An aortic aneurysm can range from something for doctors to just watch, to one of the most serious medical emergencies in existence. If the part of the aorta located in the abdominal cavity were to rupture or dissect, the entire body’s store of blood can be lost in a matter of minutes, with death as the result. So, this is a very serious condition, for which finding a cause of aortic aneurysm could save many lives.
A 50% reduction in fluoroquinolone prescriptions or a 50% reduction in fluoroquinolone treatment durations would have resulted in an estimated reduction of 602 tendon ruptures, 245 aortic aneurysms and 11 retinal detachments in patients.
Fluoroquinolone Antibiotics as a Cause of Aortic Aneurysm
In the case of the Fluoroquinolone drugs, the study authors state that just in the study population of approximately 1.7 million elderly people watched over a two-year period, that just by ending the 1/2 of Inappropriate Fluoroquinolone Use in conditions such as:
it would have prevented 245 people getting aortic aneurysms! Translate that out to 45 million elderly, the number of people over 65 years old in just the US and Canada alone, and just the INAPPROPRIATE use of Fluoroquinolones are causing over 30,000 cases of aortic aneurysm every decade 2.
These numbers are just from what the study determined is a medically agreed upon unnecessary use of these antibiotics. There are many other doctors, researchers, and scientists, including Beatrice Golomb who have stated,
Fluoroquinolone use should be restricted to situations in which there is no safe and effective alternative to treat an infection caused by multidrug-resistant bacteria or to provide oral therapy when parenteral therapy is not feasible and no other effective oral agent is available. 3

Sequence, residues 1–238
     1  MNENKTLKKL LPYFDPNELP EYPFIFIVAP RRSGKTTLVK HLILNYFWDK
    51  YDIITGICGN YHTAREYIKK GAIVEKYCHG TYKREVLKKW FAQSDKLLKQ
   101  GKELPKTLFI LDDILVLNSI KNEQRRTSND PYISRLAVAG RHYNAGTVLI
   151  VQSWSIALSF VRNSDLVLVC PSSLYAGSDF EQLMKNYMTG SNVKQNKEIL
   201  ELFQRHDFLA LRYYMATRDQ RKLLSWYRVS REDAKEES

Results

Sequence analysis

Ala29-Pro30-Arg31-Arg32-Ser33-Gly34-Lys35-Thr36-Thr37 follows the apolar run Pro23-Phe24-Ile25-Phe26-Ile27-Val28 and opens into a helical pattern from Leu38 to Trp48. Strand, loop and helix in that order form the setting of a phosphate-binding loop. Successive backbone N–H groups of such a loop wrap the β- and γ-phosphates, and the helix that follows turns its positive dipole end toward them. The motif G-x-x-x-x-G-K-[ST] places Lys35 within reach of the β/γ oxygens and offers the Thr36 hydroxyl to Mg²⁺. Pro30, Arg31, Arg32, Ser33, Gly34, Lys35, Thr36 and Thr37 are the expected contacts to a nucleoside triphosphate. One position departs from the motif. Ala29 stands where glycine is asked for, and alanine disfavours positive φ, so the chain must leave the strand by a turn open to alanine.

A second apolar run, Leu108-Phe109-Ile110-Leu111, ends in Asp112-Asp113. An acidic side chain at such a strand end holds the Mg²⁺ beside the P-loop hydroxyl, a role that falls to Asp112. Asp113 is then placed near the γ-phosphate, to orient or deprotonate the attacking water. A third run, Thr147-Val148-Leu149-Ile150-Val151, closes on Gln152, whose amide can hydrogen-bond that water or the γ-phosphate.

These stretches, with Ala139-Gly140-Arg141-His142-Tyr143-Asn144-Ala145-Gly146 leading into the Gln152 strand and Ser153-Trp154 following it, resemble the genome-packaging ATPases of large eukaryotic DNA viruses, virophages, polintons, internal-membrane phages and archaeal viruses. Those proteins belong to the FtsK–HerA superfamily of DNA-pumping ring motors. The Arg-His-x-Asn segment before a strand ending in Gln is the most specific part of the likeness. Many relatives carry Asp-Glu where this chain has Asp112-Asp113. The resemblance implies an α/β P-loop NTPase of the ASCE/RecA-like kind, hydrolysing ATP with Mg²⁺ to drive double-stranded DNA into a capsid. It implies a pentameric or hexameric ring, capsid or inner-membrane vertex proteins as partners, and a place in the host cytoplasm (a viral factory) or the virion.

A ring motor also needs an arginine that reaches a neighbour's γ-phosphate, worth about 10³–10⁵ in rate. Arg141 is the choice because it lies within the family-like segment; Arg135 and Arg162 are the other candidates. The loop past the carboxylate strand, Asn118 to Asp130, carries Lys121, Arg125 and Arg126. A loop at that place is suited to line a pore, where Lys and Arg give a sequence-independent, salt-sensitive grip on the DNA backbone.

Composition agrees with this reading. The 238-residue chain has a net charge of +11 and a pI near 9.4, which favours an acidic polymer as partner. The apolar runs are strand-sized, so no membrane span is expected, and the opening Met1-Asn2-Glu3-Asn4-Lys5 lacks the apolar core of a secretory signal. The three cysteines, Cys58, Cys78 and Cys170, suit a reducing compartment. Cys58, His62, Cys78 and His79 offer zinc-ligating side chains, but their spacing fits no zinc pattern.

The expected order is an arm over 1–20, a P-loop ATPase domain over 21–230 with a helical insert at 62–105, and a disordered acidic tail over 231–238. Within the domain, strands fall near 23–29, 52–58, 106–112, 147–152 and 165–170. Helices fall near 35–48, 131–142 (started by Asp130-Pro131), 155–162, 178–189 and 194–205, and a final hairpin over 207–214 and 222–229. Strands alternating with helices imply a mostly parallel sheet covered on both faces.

Adding in this class of those prescribed these drugs unnecessarily, where another drug could be used, would add tens of thousands more victims of Fluoroquinolones as a cause of aortic aneurysm every year to this growing list of health problems from this dangerous class of antibiotics. And this does not even include the completely unknown numbers of people YOUNGER than 65 who were diagnosed with aortic aneurysm from the unnecessary use of these drugs, since this study was only done on those age 65 years and older. With these numbers it’s clear that hundreds of thousands are suffering unnecessarily and billions of health care dollars caring for these serious health conditions.
This study brings important new information to the debate about the safety of the Fluoroquinolone antibiotics, and gives more intellectual fuel to the hordes of people claiming to have been injured by these toxic drugs. But in the end, those who have cared to read the information and science on these drugs are not surprised by the findings that they are one cause of aortic aneurysm. These drugs are well-known to severely damage collagen so badly they can rupture a tendon. It’s simply common sense that collagen throughout the body is also damaged, in lesser or worse amounts in differing people and in the different types of collagen in the body.
If you think that you might have been damaged by the Fluoroquinolones, we urge you to follow the protocol in The Fluoroquinolone Toxicity Solution. Of all of the things that we here at FQResearch have done, that is what improved our health the most, and we highly recommend it in order to overcome the toxic effects of these drugs.
The math. The study was done following 1.75 million elderly over 2 years. 45 million % 1.75 million=25. The number of elderly in the US and Canada is 25 times the size of the study group. With 245 people in the study group unnecessarily getting aortic aneurysm, this is 245x 25=6125 excess aortic aneurysms from the Fluoroquinolones every two years (the length of the study). Multiply this x 5, and you have 30,625 excess unnecessary aortic aneurysms every decade from the unnecessary use of the Fluoroquinolone antibiotics! ↩